Understanding Complex Gene Editing Systems and RNA Biology in Oxytricha Project Summary/Abstract: The PI's lab studies novel genetic systems in microbial eukaryotes, bringing a strongly molecular and mechanistic approach to understanding genome evolution and diversity. The surprisingly sophisticated variations on DNA and RNA processing in microbial eukaryotes display a wide range of genome architectures and genetic systems. Some pathways erode the notions of a gene (e.g. scrambled genes and RNA editing) and even Mendelian inheritance, reminding us that a genome sequence can be a far cry from knowledge of its products. Genome rearrangements occur in diverse organisms, and contribute to many human diseases, especially cancer?a disease of the genome, but the extreme level of programmed DNA rearrangements and dependence on chromosomal rearrangements for correct development in the ciliate Oxytricha make it an ideal model system to study genome remodeling and the roles of RNA in epigenetic control of this process. The proposed research will focus on understanding the molecular mechanism and evolutionary origin of this remarkable phenomenon. Goals for the next five years include obtaining a more detailed understanding of the interactions between small and long noncoding RNAs, both with each other and together with the rearranging genome. Tools from molecular genetics, RNA biochemistry, and chromatin biology provide the platform for functional studies, while comparative genomics of closely and more distantly related species will provide insight into the evolutionary origins of scrambled genomes and complex genetic architectures in the Oxytricha lineage, addressing the basic questions of how they rearrange during development and how they arose during evolution.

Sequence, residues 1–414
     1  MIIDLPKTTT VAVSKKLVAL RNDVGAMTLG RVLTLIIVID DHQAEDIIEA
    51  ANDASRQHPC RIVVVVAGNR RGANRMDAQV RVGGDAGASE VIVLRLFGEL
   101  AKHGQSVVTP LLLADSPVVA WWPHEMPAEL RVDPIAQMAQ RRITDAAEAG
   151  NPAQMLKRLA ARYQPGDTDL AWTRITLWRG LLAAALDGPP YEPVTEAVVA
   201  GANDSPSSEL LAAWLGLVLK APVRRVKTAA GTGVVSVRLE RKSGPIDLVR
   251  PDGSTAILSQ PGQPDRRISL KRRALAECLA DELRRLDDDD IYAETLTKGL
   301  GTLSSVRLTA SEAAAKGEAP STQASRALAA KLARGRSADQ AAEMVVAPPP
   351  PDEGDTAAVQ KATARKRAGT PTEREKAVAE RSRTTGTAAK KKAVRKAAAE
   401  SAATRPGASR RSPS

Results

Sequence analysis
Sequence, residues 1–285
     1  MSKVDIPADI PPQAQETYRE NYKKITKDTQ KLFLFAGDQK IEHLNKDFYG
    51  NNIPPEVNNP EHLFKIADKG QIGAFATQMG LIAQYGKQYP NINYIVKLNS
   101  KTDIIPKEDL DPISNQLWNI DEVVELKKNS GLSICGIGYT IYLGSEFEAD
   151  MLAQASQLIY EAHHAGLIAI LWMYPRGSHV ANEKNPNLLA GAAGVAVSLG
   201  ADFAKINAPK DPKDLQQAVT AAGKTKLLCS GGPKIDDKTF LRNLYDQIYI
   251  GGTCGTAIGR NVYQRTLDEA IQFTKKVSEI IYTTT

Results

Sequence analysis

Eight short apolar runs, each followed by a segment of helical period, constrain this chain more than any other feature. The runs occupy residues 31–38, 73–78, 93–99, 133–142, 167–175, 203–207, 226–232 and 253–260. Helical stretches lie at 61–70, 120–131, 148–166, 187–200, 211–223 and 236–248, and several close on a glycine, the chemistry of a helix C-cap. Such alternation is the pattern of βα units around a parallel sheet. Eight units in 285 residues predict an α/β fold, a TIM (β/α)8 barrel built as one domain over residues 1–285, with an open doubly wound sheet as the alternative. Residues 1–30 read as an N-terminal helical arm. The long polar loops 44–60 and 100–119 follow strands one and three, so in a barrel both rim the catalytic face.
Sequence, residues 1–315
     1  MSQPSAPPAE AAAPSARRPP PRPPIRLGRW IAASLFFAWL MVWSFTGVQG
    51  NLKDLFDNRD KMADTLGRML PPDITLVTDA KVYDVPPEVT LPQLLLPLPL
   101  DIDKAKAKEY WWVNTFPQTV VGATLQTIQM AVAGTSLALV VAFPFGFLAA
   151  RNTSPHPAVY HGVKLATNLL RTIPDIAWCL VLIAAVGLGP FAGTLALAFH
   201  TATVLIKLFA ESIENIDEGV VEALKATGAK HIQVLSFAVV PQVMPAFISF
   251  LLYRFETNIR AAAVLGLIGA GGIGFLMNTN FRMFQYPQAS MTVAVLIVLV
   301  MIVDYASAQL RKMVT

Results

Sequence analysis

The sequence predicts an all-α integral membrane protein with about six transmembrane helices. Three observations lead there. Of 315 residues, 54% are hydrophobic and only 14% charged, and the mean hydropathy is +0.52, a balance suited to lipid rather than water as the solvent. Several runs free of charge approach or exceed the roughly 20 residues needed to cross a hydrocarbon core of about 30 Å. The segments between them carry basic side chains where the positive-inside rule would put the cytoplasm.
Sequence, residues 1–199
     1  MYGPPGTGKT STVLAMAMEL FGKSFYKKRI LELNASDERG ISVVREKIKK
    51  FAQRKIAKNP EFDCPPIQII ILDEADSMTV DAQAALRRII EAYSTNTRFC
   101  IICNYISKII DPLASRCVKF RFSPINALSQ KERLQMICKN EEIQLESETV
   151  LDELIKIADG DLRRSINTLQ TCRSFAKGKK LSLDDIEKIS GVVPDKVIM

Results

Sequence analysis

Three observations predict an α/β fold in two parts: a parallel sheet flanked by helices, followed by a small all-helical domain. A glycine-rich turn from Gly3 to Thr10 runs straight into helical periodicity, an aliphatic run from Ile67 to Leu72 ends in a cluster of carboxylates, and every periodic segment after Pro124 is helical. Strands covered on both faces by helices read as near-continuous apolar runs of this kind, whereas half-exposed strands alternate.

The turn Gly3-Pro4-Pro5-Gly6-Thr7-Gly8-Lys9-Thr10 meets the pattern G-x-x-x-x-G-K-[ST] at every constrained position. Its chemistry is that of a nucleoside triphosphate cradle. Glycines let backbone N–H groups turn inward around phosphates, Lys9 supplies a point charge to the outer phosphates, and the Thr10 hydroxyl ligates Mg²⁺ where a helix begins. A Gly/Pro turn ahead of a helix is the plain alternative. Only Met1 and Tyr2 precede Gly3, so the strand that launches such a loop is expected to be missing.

to Public Health: Genome rewiring events, through translocations, deletions, and even massive chromosomal rearrangements (chromothripsis), contribute to genome instability associated with many human diseases, including a significant portion of cancers and inherited or spontaneous diseases. Furthermore, many classes of small and long noncoding RNAs participate in genome remodeling pathways or the maintenance of genome integrity, while aberrantly spliced RNA products that can template DNA recombination could increase the frequency of genome rearrangements, resulting in either deletion of tumor-suppressing genes, formation of chimeric genes, or duplication and subsequent over-expression of genes that promote tumor stability. Because of its magnitude of RNA-regulated genome rewiring events, Oxytricha is unparalleled as a model system to shed light on the complex events that regulate genome stability, and similar mechanisms that may contribute to cancer and genome instability in humans.
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|Lindblad, Kelsi A; Bracht, John R; Williams, April E et al. (2017) Thousands of RNA-cached copies of whole chromosomes are present in the ciliate Oxytricha during development. RNA 23:1200-1208
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